Now that you’ve seen the basic math of sales forecasting, you might feel overwhelmed. Maybe you’re wondering whether you really have to calculate these numbers for all of your items. The answer is usually yes, though if your inventory is large and diverse, you may need to condense revenues and costs into larger categories, as shown in this sales forecast table.
To create a sales forecast, choose a forecasting method; determine your sales prices, quantitie, and costs; make some basic calculations; and consider your inventory.
Sales forecasting gives you the information you need to adjust your company’s upcoming sales strategies and budget. An accurate forecast can point to gaps in your sales team’s methodology; areas where sales costs can be cut; or increases, decreases and trends in your sales. It does so while giving you more than enough time to make these adjustments and remain on track to meet your sales goals.
In addition, a sales forecast gives your sales team a target to strive toward. In sales, staying motivated is critical, and if your sales forecast sets a target, your salespeople will keep their eye on it. That’s especially true if you tie some sort of incentive to beating the forecast for a given period of time, such as team bonuses or boosted commissions for sales that exceed predictions.
Here are some factors that may complicate your sales forecast:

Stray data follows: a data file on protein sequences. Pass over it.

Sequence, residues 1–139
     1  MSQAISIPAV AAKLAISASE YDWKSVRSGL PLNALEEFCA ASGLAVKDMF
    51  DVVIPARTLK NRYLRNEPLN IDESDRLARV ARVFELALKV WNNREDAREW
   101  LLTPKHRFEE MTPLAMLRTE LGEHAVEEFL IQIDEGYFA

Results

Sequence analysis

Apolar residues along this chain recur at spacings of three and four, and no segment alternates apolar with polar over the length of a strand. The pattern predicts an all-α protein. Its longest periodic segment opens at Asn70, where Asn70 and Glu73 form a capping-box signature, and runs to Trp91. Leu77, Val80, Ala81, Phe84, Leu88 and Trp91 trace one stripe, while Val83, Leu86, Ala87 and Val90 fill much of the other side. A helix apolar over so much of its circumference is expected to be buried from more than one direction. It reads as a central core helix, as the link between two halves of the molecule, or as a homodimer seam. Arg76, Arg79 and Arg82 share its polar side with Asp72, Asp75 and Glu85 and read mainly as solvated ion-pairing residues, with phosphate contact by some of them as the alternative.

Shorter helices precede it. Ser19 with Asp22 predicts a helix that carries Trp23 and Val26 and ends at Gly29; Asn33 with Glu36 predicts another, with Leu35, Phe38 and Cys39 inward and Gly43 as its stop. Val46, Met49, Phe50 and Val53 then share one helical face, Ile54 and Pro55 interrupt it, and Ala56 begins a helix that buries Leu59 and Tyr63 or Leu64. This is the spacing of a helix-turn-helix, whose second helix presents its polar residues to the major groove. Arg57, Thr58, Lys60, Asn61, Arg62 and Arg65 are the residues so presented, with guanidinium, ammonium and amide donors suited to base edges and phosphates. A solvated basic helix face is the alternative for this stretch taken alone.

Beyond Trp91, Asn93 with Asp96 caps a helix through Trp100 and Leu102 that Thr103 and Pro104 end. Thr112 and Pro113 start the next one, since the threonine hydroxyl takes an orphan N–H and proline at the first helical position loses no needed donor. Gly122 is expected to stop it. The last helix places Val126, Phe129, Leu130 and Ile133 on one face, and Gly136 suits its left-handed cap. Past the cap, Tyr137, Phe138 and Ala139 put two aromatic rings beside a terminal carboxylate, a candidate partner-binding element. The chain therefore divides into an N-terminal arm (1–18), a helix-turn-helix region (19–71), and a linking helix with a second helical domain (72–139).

Sales forecasts are predictive tools, and sometimes your team may fall short of predictions. If that happens, you should do two things: Analyze your forecasting methodology and review operations and market conditions for the period during which you missed the forecast.
First, take a closer look at your sales forecast and how you developed it. If it was grounded in lofty ambition rather than historical sales data, that may be a clear indicator that it wasn’t realistic. For example, if your team has historically brought in between $100,000 and $200,000 in revenue per quarter, suddenly expecting them to generate $500,000 without any demonstrable changes in operations is setting your team up to fail.
Similarly, if the sales forecast was built on a dependency that wasn’t met, that could explain the failure. For example, if your forecast was built on the premise that your marketing team would generate 20 percent more leads than it did in the previous period and the team only generated 5 percent more leads, it’s unlikely the resulting sales forecast could be met.
If your forecasting methodology appears sound — that is, it’s grounded in historical sales data and realistic assumptions about the upcoming period — take a look at market conditions. Has the economic landscape changed? For example, record inflation between 2021 and 2023 saw declines in consumer spending and reduced marketing budgets. Sales forecasts made before inflation impacted the broader economy are likely to miss the mark. In a case like this, it’s important to revise future sales forecasts once you understand why previous ones were not met.
Missing a sales forecast isn’t the end of the world, but you should analyze what caused your expectations to be off base and adjust future sales forecasts accordingly.
Sales forecasting is important not only for benchmarking a successful quarter or year for your sales team, but also giving them a clear goal or target to surpass. While meeting a sales forecast is an important goal in itself — especially when that forecast is based on historical sales data and expected lead generation — eclipsing it can be a mark of great success. Sales forecasting is not only an important financial planning tool, it’s also a great motivator to get more out of your sales team.
Jacob Bierer-Nielsen contributed to this article.